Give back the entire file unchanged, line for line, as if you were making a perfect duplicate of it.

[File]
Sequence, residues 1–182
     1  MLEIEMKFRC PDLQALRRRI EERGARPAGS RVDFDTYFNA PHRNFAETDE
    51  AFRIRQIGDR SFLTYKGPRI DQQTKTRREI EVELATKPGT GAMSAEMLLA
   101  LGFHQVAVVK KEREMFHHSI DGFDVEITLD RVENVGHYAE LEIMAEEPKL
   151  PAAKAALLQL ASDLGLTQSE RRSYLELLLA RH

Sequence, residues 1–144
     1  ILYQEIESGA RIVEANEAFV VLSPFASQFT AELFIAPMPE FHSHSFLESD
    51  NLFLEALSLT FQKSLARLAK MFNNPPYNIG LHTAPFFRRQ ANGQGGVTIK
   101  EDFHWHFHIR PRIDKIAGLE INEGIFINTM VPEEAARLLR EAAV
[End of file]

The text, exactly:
Sequence, residues 1–182
     1  MLEIEMKFRC PDLQALRRRI EERGARPAGS RVDFDTYFNA PHRNFAETDE
    51  AFRIRQIGDR SFLTYKGPRI DQQTKTRREI EVELATKPGT GAMSAEMLLA
   101  LGFHQVAVVK KEREMFHHSI DGFDVEITLD RVENVGHYAE LEIMAEEPKL
   151  PAAKAALLQL ASDLGLTQSE RRSYLELLLA RH

Sequence, residues 1–144
     1  ILYQEIESGA RIVEANEAFV VLSPFASQFT AELFIAPMPE FHSHSFLESD
    51  NLFLEALSLT FQKSLARLAK MFNNPPYNIG LHTAPFFRRQ ANGQGGVTIK
   101  EDFHWHFHIR PRIDKIAGLE INEGIFINTM VPEEAARLLR EAAV